05/11/2009 11:00PM

Giant Oak working rapidly for turf campaign

Four-Footed Fotos
Giant Oak, winning his career debut on grass last summer, will return to turf for the Arlington Classic.

No need to focus on what might have been, when what actually is seems to be progressing so well. Yes, had things worked out a little differently, Giant Oak might be on the Triple Crown trail this very minute. But after a somewhat disappointing Fair Grounds campaign, and a second to Derby third-place finisher Musket Man in the Illinois Derby, Giant Oak was taken out of consideration for the classics to focus on a summer turf campaign. And from the look of his Arlington Park Polytrack work pattern, Giant Oak is coming up to the May 23 Arlington Classic in excellent shape.

On April 25, Giant Oak had his first work back from the Illinois Derby, going a half-mile in 47 seconds. On May 3, he tore through five furlongs in 58.80, and on Sunday, he went five furlongs again, this time in 59.80. These are faster works than what Giant Oak was turning in this past winter and spring on dirt, and according to trainer Chris Block, they probably are better works, as well.

"I think he does work better on the synthetics than he does on dirt," said Block.

Giant Oak won his career debut last summer going two turns on the Arlington grass course, and he won a nine-furlong allowance race over the Arlington main track, too, his lone start on a synthetic surface. Grass, though, is Giant Oak's immediate goal, with the Arlington Classic the first leg of the Mid-America Triple, the Arlington grass series that carries a $500,000 bonus this year for a horse that wins all three races.

Southern Anthem, a turf allowance winner last Saturday at Arlington, is being pointed to the Arlington Classic, as is grass stakes winner Proceed Bee. Summer Bird, sixth in the Kentucky Derby, has been considered for the race, but is much more likely to head to the Belmont Stakes, trainer Tim Ice said Tuesday.

Meanwhile, Block sent out Shrewd Operator to work a half-mile in 48.80 seconds Sunday, the horse's first published breeze as he prepares to come back from a year-plus layoff. Shrewd Operator won 3 of 6 starts with two seconds and a third before going down with an injury about this time last year. Block said he has no specific comeback race in mind for Illinois-bred Shrewd Operator.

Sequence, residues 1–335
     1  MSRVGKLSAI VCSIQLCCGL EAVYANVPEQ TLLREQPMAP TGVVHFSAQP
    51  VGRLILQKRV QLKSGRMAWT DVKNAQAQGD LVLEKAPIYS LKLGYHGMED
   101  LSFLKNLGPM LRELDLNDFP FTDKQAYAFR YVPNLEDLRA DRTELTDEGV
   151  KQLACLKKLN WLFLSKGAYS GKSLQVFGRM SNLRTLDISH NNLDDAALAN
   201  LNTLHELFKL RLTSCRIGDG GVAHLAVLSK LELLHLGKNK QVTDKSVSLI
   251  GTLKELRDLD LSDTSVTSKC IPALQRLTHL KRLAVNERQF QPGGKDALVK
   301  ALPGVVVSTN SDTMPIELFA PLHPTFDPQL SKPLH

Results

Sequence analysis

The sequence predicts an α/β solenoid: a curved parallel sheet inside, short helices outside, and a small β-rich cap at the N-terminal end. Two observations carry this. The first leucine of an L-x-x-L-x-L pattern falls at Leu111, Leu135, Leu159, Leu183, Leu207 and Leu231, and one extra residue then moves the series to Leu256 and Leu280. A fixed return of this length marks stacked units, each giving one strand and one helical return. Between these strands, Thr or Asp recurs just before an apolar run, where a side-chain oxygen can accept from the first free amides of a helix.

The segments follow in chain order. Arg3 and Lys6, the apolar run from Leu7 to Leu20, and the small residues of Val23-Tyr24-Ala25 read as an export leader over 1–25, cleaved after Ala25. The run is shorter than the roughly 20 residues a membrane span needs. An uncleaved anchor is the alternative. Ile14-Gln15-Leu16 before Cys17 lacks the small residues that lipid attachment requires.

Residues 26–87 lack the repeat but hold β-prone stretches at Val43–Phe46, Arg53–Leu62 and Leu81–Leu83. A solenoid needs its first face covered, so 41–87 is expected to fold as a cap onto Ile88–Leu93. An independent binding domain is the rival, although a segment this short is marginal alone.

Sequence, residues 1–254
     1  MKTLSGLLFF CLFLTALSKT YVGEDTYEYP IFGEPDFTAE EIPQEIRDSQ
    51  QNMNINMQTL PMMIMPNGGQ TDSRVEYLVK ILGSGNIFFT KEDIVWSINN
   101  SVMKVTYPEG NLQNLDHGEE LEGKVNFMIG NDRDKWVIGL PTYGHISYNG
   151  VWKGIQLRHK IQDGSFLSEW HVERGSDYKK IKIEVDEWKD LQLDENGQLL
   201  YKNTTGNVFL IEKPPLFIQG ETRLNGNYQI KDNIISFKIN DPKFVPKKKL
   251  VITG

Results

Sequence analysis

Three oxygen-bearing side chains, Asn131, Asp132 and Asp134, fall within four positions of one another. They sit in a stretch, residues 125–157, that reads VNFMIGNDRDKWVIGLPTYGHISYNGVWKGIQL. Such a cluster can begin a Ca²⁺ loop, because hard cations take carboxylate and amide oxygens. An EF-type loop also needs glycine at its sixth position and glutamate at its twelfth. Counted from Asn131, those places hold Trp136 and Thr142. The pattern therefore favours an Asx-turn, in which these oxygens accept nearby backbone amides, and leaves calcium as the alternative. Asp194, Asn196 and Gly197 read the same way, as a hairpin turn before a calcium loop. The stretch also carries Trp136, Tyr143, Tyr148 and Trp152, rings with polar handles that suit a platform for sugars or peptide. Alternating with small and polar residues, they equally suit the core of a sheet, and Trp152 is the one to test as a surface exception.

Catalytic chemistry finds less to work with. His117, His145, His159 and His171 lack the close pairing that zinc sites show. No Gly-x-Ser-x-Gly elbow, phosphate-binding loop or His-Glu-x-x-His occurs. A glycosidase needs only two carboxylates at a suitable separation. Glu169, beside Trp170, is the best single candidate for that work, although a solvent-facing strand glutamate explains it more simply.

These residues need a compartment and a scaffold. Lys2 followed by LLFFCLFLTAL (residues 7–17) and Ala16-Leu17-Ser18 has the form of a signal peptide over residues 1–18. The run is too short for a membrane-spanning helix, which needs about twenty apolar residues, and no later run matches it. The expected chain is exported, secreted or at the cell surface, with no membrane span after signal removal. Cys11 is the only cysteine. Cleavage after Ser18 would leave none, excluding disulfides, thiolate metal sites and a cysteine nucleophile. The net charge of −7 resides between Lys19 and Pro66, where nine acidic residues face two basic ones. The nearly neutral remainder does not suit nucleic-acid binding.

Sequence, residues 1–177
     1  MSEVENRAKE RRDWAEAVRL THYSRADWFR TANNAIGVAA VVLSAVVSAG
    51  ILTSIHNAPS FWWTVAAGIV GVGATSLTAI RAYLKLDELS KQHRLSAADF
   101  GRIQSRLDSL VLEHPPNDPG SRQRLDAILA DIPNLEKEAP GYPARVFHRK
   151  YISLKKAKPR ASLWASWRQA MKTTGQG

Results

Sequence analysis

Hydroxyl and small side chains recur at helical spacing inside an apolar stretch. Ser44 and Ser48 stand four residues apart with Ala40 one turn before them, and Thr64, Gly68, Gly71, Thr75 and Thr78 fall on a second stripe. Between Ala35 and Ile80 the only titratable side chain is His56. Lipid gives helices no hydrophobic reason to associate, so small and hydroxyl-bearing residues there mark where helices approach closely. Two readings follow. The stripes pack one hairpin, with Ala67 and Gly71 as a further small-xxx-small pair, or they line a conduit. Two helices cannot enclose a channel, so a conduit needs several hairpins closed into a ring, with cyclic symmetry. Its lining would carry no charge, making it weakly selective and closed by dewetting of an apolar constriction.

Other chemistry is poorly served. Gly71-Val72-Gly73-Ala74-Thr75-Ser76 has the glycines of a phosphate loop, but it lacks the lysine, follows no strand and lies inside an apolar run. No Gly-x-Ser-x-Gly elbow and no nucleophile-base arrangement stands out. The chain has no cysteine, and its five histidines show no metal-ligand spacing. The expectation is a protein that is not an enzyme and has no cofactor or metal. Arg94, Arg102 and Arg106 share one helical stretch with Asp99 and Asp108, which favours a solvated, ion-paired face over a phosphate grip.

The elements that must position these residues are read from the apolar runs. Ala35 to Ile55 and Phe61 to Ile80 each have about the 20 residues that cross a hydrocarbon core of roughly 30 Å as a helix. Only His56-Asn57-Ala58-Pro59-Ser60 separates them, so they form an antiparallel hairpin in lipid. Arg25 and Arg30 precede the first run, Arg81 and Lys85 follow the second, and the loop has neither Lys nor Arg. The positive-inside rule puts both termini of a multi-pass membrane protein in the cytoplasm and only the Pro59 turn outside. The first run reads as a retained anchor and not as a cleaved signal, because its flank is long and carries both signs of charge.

Track superintendent's duties divided in two

Ricardo Malagon and Gabriel Ruiz have been named co-track superintendents at Arlington, replacing their longtime boss, Javier Barajas, who in March accepted a position in Dubai.

Malagon is charged with overseeing the care of Arlington's main track, which is composed of Polytrack, while Ruiz is in charge of the turf course. Malagon has worked at Arlington since 1989, while Ruiz has been at the track since 1991.

"After conducting a thorough international search for a new track superintendent to replace Javier, we found we did not need to go any further than our own backyard, and it is especially rewarding to be able to promote from within," Arlington president Roy Arnold said in a press release.

Excessive Heat can handle any surface

Thursday's ninth-race features is a third-level optional $62,500 claimer carded for five furlongs on turf - but good luck with that. Storms with heavy rain are forecast Wednesday and Wednesday night in the area, and the Thursday feature could be washed onto the main track.

Turf or Poly, Excessive Heat looks like the horse to beat. She nearly doubles her claiming price off a last-start win May 2 at Arlington, but Excessive Heat's current back-to-back wins came on both turf and Polytrack, and the class hike alone should not keep her from taking another on Thursday.